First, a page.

Right Effort, Right Mindfulness

The Eightfold Path, as presented by Gautama Buddha, provides a guideline to living an enlightened life. The sixth and seventh of the Eightfold Path are Right Effort and Right Mindfulness.

Right effort is to work with devotion and focus in all our endeavors. Engaging in an activity with total involvement and perseverance achieves the greatest benefit. A half-hearted attempt is often worse than no attempt at all. However, the goal being sought cannot be one that brings suffering to other beings or is simply ego driven. A thief may devote all his energy to stealing yet this is not right effort. Many politicians devote their lives to attaining high office. If power and recognition are their reasons then this is not right effort. Right effort leads to results that are beneficial or reduce suffering. Striving for goals that are simply ego driven is not right effort. In our spiritual life we practice right effort when we devote our energies to living our beliefs. Regardless of our religion, only by wholeheartedly living our beliefs can we attain our final goal. How can we do this in a world filled with distractions and short lived pleasures?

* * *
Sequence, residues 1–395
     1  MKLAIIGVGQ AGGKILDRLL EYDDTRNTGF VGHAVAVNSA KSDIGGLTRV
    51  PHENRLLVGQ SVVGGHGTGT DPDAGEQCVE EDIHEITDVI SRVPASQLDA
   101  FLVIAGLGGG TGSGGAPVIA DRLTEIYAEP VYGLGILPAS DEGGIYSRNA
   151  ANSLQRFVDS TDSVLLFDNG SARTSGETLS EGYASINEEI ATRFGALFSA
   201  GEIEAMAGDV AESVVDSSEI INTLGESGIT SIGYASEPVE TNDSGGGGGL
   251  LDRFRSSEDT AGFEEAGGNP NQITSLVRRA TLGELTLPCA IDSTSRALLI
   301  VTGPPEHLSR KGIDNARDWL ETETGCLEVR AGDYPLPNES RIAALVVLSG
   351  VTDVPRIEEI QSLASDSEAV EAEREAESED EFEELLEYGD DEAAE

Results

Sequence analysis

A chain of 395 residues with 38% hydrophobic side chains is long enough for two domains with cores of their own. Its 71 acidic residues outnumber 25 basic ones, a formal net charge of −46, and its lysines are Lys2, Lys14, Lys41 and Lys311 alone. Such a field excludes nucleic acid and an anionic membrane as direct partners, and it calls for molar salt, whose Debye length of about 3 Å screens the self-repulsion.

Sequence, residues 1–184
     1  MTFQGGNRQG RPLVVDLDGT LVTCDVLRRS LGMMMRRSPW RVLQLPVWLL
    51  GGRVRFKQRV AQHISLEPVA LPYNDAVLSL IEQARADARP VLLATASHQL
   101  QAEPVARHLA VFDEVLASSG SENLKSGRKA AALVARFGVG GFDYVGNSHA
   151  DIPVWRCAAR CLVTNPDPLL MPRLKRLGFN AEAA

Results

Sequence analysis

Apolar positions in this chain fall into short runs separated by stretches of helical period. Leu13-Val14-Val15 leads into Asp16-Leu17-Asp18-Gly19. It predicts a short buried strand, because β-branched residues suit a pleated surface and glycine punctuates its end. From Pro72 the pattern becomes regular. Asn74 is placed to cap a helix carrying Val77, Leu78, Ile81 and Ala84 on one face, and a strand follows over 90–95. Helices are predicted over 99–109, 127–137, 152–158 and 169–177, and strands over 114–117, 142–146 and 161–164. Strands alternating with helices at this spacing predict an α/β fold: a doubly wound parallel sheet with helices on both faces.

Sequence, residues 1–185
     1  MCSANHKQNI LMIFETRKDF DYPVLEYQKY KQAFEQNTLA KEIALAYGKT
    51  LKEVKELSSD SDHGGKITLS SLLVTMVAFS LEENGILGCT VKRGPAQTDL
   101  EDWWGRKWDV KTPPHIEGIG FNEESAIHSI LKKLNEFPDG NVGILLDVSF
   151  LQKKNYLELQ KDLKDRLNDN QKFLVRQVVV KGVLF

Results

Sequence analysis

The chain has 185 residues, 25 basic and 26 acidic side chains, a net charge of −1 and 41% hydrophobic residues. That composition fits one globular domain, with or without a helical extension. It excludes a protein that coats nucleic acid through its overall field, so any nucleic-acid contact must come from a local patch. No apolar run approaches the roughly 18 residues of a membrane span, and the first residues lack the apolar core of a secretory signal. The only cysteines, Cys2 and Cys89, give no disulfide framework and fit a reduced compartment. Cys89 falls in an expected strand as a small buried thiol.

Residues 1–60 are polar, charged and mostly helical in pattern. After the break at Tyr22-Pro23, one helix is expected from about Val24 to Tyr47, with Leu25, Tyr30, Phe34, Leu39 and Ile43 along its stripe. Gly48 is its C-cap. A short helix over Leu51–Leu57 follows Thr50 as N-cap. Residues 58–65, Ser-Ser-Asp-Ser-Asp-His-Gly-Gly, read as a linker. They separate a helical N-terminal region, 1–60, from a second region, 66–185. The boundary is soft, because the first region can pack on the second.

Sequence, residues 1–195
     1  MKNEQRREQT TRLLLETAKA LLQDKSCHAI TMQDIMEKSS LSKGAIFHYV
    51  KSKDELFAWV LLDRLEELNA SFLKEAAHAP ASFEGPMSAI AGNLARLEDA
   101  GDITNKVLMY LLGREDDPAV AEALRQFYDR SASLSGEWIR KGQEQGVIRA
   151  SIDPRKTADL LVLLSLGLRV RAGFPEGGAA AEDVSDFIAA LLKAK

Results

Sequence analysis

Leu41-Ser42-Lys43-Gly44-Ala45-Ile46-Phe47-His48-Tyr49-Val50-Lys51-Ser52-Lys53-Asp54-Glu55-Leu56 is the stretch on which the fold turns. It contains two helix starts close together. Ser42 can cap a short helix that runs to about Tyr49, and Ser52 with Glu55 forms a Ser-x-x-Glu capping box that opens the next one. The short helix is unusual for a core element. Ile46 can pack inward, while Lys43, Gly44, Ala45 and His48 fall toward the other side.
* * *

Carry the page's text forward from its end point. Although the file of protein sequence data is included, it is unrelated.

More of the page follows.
Right mindfulness is continually being aware of the right path. Gautama Buddha recognized the weakness of humans and taught that we must constantly remind ourselves of the right life we should lead. To be mindful is to completely live in the present moment. All that has gone before has led to this moment. All that will occur starts from this moment. Our actions now determine what will come. Through right mindfulness we remember the teachings and choose the right action. Actions taken while practicing right mindfulness will lead to the lessening of suffering for yourself and all of life. Right mindfulness is one of the Eightfold Path yet it applies to all faiths. Living your beliefs requires constantly reminding yourself how you should act and the reasons for doing so. The person practicing right mindfulness will always choose the right path, only when we forget do we go astray.

The Eightfold Path, like all of Buddha’s teachings, is not “divine revelation.” His teachings are observations on the state of human existence and the way to overcome the suffering in this existence. The Buddha did not comment on whether or not a Supreme Being existed, nor did he comment on the origins of man or creation. Because of this his teachings can have value to people of all faiths. By applying the Dharma to your life you may gain a deeper appreciation of your personal religion. A Buddhist teaching is that there are 84,000 paths to enlightenment. Everyone must follow their own.

For information about the Buddhist Association of S.E. Wisconsin e-mail BASEWI@aol.com